The maps are all in excellent condition. They have my route marked on them in yellow highlighter and possibly some written notations. But otherwise they are unused. I was unable to use them en route because of my vision problems. They were only used for pre-planning my journey.

They are from the IGN Serie Bleue Cartes de Randonnee series, Lots of detail, 1 cm = 250 metres. I can sell them individually or, as a pack, they would get you from Mirepoix in the Ariege to Caen/Ouistreham in Normandy. The normal price is from 8 Eruos to over 10 Euros. I am selling them for 4.00 Euros each, including postage within Europe.

In more or less South to North order, they are:

2246 O. Mirepoix
2245 O Castelnaudary
2244 O Revel, St Felix-Lauragais
168 Toulouse Pamiers (this one 1 cm = 1 km)
2240 O Gaillac
2142 E Rabastens
2141 E Montricoux
2140 E St Antonin Noble Val
2139 E Limogne en Quercy
2138OT Cahors, St Cirq Lapopie, Vallees du Lot et du Cele
2137 O Labastide Murat
2136 ET Rocamadour Padirac
2036 ET Sarlat Souillac, Vallee de la Dordogne
1936 ET Les Eyzies, Vallee de la Dordogne et de la Vezere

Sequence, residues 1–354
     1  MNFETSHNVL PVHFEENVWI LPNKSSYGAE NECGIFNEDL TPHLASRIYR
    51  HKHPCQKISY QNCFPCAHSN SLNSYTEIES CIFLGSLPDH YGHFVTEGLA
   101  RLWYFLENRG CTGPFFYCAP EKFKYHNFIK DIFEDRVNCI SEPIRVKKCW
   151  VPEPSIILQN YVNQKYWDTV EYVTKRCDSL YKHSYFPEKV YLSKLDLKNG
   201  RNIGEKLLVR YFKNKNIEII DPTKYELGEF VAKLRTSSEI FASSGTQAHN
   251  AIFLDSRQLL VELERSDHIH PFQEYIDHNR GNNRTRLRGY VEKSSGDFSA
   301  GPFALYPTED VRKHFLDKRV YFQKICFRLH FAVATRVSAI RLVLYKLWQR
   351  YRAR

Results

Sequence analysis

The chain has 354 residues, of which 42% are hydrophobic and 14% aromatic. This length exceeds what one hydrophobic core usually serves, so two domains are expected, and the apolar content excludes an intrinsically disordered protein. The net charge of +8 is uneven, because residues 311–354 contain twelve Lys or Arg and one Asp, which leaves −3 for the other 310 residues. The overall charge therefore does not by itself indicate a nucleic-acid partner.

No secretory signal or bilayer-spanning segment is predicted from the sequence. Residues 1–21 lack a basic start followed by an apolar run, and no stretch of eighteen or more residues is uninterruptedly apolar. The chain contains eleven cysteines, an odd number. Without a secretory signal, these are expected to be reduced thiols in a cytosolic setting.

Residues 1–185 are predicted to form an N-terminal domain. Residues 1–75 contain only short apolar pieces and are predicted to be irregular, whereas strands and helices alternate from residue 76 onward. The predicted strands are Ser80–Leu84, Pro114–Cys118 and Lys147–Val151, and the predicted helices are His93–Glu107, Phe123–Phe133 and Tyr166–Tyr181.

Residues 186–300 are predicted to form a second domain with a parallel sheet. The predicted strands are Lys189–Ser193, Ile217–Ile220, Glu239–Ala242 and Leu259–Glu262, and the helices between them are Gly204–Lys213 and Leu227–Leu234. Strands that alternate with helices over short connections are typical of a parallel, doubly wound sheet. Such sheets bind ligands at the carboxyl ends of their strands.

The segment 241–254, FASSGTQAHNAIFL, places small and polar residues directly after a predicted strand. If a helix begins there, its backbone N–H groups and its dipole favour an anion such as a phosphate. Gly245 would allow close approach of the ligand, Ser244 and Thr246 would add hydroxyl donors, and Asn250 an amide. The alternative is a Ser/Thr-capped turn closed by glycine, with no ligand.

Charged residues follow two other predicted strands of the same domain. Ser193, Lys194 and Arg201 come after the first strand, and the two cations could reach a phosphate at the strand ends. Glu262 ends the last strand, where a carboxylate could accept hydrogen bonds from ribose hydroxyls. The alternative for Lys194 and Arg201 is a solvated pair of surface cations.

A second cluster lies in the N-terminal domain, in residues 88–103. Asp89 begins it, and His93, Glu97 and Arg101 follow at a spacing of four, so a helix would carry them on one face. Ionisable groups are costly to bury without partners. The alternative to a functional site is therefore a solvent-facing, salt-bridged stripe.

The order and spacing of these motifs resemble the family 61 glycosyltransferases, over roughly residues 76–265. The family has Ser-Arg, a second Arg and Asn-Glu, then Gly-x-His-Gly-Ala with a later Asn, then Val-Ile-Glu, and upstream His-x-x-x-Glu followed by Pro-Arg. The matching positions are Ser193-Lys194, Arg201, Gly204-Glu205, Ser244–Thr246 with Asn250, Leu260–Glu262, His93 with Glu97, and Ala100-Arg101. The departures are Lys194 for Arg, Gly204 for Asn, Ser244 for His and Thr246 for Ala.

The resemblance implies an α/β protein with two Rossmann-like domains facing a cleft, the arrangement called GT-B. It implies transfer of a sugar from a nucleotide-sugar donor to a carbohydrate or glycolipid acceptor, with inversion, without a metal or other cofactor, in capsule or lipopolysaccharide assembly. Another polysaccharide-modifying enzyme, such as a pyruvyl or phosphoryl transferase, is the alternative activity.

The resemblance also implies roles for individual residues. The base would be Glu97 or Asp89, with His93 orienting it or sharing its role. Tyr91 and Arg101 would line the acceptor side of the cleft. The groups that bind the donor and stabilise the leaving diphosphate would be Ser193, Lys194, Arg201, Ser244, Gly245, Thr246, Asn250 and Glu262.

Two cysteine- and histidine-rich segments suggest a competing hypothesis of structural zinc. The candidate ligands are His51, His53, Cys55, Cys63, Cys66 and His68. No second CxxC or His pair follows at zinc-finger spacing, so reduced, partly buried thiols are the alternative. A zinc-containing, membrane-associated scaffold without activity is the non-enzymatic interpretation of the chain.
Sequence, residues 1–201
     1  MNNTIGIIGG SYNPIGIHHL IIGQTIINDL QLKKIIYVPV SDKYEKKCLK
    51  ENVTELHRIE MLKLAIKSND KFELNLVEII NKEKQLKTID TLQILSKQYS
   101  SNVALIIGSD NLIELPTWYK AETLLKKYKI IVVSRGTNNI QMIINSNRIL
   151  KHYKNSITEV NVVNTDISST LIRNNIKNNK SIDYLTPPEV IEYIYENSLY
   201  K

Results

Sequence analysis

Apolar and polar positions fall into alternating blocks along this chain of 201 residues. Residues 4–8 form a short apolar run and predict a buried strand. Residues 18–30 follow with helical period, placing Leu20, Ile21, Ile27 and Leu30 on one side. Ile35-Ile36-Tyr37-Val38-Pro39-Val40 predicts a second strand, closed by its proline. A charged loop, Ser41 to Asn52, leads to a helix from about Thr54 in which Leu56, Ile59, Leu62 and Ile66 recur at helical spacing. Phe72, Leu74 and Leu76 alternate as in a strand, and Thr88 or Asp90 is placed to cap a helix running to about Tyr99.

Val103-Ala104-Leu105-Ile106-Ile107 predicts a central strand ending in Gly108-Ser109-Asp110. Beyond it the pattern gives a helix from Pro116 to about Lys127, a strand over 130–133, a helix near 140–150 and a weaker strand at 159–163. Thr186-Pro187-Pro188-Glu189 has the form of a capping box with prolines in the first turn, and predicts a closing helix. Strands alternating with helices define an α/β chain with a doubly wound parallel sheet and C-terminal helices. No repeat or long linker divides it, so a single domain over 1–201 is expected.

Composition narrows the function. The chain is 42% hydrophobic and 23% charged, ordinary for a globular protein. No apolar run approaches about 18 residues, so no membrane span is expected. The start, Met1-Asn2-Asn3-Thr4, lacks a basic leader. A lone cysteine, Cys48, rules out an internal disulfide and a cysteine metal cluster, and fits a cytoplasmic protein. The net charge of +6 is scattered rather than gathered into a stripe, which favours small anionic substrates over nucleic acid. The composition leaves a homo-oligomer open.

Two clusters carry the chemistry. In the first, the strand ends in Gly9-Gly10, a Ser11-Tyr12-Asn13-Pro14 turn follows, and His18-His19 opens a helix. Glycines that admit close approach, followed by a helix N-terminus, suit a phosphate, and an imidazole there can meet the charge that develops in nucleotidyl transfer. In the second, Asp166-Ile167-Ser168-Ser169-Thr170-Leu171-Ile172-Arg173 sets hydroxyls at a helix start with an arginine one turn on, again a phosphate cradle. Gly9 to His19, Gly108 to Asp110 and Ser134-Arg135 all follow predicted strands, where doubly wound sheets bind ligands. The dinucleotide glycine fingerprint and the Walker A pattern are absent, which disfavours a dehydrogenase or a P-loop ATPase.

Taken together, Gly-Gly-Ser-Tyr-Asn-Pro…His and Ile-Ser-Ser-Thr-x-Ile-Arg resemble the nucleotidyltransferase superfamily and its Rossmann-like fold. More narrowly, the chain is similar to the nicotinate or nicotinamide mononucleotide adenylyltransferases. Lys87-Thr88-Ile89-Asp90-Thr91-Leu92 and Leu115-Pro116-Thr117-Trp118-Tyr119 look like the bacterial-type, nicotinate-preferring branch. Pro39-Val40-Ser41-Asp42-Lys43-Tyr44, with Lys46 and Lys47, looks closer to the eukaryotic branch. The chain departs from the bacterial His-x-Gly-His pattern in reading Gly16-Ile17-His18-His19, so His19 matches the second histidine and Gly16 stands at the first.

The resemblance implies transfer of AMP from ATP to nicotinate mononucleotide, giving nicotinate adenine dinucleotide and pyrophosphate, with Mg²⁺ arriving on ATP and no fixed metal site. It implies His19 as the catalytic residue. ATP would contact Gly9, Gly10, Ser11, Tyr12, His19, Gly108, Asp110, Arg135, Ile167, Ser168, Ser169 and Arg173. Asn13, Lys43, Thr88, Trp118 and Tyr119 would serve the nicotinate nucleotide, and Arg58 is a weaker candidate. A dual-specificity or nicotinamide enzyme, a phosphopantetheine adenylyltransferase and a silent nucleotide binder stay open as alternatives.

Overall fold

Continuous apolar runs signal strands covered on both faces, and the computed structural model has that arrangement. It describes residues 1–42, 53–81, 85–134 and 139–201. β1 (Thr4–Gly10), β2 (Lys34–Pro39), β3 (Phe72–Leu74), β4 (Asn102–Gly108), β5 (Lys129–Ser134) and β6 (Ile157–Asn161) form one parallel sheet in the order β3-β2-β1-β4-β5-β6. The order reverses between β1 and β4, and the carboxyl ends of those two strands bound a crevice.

1935 E Thenon
1934 E Excideuil
1934 O Perigueux
1833 E Nontron
1832 E Piegut Pluviers
1933 O St Pardoux la Riviere
1932 O St Mathieu
1931 ESt Junien
1931 O Rochechouart
1831 E Exideuil (Charente)
1830 E Confolens
1829 E L’Isle Jourdain (Vienne)
1828 E Persac
1928 O Montmorillon
1928 E Lathus St Remy
1927 E La Trimouille
1927 O St Savin (Vienne)
1926 E Le Blanc
1926 O Pleumartin La Roche Posay
1925 O Le Grand Pressigny
1825 E Chatellerault (Est)
1824 E Ste Maure de Touraine
1724 E Richelieu
1824 O L’Ile Bouchard
1823 O Langeais, Azay le Rideau
1723 E Chinon, Rigny-Usse
1723 O Bougueil, Fontevraud-l’Abbaye
1623 E Saumur
1722 O Noyant
1721 O Le Lude
1721 E Chateau la Valliere
1720 T Foret de Berce, Chateau du Loir
1819 O Montfort le Gesnois
1719 E Le Mans
1718 E Ballon
1718 O Beaumont sur Sarthe
1618 OT Foret de Sille le Guillaume
1617 E St Pierre de Nids, Alpes Mancelles
1616 ET Foret D’Ecouves, Alencon, PNR Normandie-Maine
1615 E Argentan
1614 O Falaise
1615 O Putanges Pont Ecrepin
1514 E Clecy, Suisse Normande
1513 Thury Harcourt
1612 OT Caen Ouistreham
106 Caen Cherbourg Octeville (this one also is 1 cm = 1 km)

Other maps in the Serie Bleue which we did not use are:

1825 E Chatellerault (Est) (duplicate)
1926 E Le Blanc (duplicate)
1823 O Langeais , Azay le Rideau (duplicate)
1830 E Confolens (duplicate)
2343 ET Castres, Le Sidobre , PNR du Haut-Languedoc

I also have:

903 (this is a map of the whole of France, showing the huge network of Grandes Randonnees)

Saturday, September 4, 2010

Keeping Promises

I am constantly amazed by the kindness of people in general and our local villagers in particular.